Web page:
Newbie Knitting | Yarn Ball Applique Block


This fall I will be teaching a knitting class at my children’s co-op. After typing up my syllabus for the class, it of course occurred to me that this would make an awesome series for Wee Folk Art. And then not only can I share my class with all of you, it will also double as a place for my students to get help between classes. So, if you have ever thought about learning to knit this is your chance. I will take you step by step through a variety of knitting skills to get you well on your way. I am designing each project in this series to focus on a specific skill set which means if you complete all the projects in order you will master all of the skills you need to start tackling knitting projects on your own. Ok, no more excuses. If you have ever wanted to pick up the needles but just haven’t found the time or someone to show you how, get ready to learn this fall.
 
On to the reason we are here today… I sent my mom a sketch...Read more

The Box The Toy Came In

 

We have all experienced this at one time or another. We buy our child the perfect gift, whether it is a new playhouse or their first tricycle. We follow the directions and assemble it with love and care, and perhaps a few colorful euphemisms for the uncooperative wrench. When we are done, and the gift is presented, the child "oos" and "ahs" for several minutes, then spends the rest of the day playing with the box the toy came in...  
The other night I was knitting a sweater for Fairy that I had started a while ago. I was down to my last few rows of my last sleeve, but bed was calling, and while I was putting away my knitting, Tim started snickering?

Me: "What?"

Him: "Do you know how many baskets, bowls, boxes and bags you have laying around this house with the express purpose of stashing your knitting projects?"

Me: "Several."

Him: "Several? (Raising his eyebrows in a most annoying manner.) And what exactly are you using for this knitting project?"

Me: "Um... an empty Kleenex box. Your point?"

Him: No point. No point at all. (His shoulders bob as he tries to...Read more

My Shalom Cardigan

This past week I got a chance to make myself the ever popular Shalom Cardigan. Working in bulky yarns made this a quick knit and the twisted rib yoke made it interesting while still being an easy pattern. Colorwise, I wanted a fairly neutral sweater that would work with khakis or jeans but had a bit of interest. So I worked with a base of cream, adding a varigated tan and blue yarn in the yoke. My other mods included working on size 10 needles and adding an extra 5 stitches on either side of the lapel. It is a fun addition to my winter wardrobe that I'm sure will get lots of use. Check out the pattern on Ravelry to see how so many knitters have tweaked this simple and free knit and made it their own.


 

Butterfly Diamond Scarf

My mom has this thing for scarves and shawls. Once the temperature dips below 70 degrees (not kidding) she starts layering them on. She can be seen wearing 2 or 3 at a time... in the house. Mocking aside... for Christmas a couple years ago I bought her a beautiful, hand carved wooden shawl pin. I found it on etsy at a shop called South4th. Although it was stunning it felt too small to wrap up by itself... I was fearful it would get lost under the tree. So at the last minute, I designed this neck warmer/scarf as a quick project (very quick… one movie knit) to use as a carrier for the hand carved Butterfly Shawl Pin.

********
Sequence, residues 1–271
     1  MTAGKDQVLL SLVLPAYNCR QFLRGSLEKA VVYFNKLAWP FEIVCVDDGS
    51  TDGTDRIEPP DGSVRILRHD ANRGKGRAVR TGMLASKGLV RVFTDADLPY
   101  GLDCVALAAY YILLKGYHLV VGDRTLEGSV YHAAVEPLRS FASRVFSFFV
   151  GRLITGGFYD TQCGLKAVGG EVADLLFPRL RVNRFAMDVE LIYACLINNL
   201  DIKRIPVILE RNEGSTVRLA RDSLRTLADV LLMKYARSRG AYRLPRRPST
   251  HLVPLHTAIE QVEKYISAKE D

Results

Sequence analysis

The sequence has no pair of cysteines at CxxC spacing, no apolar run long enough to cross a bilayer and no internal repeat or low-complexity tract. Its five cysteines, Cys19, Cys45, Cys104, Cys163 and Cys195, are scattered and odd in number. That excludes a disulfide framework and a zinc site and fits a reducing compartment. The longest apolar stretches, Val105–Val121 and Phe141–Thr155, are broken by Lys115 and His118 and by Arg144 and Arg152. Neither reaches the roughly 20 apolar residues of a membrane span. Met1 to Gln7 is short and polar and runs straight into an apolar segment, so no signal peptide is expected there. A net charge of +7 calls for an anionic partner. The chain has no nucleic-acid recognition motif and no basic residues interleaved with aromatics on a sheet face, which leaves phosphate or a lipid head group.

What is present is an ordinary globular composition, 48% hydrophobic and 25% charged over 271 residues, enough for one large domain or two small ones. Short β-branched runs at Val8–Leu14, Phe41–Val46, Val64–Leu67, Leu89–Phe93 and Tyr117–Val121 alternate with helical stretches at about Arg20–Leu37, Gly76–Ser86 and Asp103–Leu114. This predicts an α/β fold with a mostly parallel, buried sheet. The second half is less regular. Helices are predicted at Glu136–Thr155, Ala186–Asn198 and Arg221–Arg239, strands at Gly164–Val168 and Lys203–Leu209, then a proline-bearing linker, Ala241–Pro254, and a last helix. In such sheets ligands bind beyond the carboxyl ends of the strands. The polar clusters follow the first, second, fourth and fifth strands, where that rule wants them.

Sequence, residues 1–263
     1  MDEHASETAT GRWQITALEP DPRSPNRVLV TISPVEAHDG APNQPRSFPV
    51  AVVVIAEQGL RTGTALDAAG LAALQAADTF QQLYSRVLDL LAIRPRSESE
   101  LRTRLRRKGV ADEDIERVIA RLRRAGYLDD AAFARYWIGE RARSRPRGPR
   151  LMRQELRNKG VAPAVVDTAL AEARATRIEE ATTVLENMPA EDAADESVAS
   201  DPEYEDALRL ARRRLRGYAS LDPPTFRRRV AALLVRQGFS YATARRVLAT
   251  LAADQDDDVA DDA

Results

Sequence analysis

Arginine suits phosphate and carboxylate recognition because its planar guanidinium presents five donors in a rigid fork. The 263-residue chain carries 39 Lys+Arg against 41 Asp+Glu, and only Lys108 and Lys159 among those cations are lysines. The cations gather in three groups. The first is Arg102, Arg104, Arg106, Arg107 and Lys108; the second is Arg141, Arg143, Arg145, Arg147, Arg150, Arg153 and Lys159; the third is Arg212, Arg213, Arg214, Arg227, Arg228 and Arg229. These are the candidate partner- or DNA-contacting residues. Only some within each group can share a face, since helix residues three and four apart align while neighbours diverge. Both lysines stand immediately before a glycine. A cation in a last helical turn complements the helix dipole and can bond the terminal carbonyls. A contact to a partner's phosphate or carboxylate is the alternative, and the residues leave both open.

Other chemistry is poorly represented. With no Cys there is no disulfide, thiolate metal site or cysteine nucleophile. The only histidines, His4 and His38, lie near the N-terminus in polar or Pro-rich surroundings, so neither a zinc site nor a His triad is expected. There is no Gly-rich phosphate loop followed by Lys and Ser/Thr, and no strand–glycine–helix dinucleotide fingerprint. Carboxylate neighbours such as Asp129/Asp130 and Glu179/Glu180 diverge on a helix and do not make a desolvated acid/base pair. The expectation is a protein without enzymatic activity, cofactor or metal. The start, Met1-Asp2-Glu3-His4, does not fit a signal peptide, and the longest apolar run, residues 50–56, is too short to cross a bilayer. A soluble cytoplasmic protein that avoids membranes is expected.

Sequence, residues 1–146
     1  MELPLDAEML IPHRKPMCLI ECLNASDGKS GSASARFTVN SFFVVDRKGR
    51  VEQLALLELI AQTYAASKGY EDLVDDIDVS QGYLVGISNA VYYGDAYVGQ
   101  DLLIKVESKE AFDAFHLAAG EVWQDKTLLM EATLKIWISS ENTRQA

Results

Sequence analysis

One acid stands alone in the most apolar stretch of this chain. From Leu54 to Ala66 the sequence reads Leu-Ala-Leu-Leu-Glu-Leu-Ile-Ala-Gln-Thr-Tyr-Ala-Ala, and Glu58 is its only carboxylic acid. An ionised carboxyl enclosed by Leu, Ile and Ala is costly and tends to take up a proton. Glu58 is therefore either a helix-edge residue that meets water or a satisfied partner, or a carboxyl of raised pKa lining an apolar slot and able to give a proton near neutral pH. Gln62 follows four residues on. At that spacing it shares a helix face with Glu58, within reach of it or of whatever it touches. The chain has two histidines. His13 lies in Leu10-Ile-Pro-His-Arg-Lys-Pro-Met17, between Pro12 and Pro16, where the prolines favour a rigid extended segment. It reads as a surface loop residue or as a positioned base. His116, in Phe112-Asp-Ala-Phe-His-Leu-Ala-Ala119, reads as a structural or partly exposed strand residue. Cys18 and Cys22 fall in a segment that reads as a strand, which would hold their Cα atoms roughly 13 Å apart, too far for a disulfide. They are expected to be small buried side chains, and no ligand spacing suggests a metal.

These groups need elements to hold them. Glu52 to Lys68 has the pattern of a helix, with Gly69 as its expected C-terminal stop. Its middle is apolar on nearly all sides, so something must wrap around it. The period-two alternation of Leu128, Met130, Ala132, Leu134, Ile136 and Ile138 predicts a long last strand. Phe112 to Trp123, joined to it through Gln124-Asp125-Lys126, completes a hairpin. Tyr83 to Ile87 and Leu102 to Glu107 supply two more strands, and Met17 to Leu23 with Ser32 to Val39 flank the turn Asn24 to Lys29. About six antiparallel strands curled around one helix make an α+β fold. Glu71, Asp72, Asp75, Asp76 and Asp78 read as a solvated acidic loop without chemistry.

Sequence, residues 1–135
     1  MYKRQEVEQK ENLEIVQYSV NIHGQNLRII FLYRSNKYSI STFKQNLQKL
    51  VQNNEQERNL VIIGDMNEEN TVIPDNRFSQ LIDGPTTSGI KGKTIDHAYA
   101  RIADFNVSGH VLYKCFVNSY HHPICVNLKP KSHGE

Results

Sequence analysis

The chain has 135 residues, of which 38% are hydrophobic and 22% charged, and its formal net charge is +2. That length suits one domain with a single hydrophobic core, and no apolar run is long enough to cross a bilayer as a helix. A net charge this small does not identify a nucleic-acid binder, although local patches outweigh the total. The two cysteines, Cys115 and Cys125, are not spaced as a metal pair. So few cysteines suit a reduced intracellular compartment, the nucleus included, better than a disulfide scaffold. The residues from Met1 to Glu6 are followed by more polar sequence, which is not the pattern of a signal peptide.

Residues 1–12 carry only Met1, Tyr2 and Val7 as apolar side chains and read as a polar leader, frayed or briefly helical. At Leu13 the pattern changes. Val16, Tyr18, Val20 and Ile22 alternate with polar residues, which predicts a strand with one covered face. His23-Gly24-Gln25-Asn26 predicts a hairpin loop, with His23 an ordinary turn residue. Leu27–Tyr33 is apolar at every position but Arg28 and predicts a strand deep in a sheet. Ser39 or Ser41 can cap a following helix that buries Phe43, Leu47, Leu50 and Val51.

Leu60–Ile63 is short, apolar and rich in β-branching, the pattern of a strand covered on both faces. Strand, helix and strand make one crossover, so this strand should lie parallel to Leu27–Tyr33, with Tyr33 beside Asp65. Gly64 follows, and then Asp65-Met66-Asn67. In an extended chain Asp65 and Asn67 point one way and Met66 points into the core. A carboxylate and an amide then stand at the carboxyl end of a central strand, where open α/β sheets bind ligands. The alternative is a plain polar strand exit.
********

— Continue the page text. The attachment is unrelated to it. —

This scarf was designed not to be tied but to be closed with the shawl pin. If you do not have a shawl pin you can easily add length in the neck portion to make it a full scarf. But I do encourage you to go check out South4th's shop.

Scrappy Shirts from the Top

It seems like all things knit these days are being done from the top down... or at least I'm drawn to all the patterns that have been done that way. My Ravelry Favorites list is packed with top down projects. I've even been tempted to purchase a few patterns... but can't actually bring myself to buy something I feel like I should be able to figure out on my own... and would probably tweak anyway.

So instead, I've spent some time with Barbara Walkers' book, Knitting from the Top, although to be honest, I think the book itself needs a bit of a face lift. The information in the book is not hard to grasp, and I know you shouldn't judge a book by its cover but really... crafters are drawn to ascetics and textures and this book is seriously lacking in layout department. It is in desperate need of a make-over. But if you are willing to look past its gawky, awkward presentation a wonderful world of knitting freedom awaits you inside. This is a book that should earn a place on any knitter's shelf. Top down knitting is a great...Read more

Shawl of Many Colors


 

On the 23rd of December I finished up the last of my Christmas knitting and wanted something super simple to work on while visiting with family. This little shawl is what I made over those festive days. I followed the simple pattern Traditional Icelandic Three Cornered Shawl available from Ragga Goes on About Knitting. It show cases my first couple skeins of Noro yarn (Aya a super soft silk/cotton/wool blend with an amazing texture) which were a treat I got as a birthday gift. The two skeins didn't make a shawl that was big enough for me (sigh)... well, I can drap it over my shoulders while working at the computer but it really isn't long enough. Of course finding the perfect owner wasn't a problem... it looks amazingly cute on Fairy girl (or Pixie but I think Fairy won it for now). Due to the wonderful blend of colors, my kids have dubbed it Joseph's Coat of Many Colors.

 

...Read more

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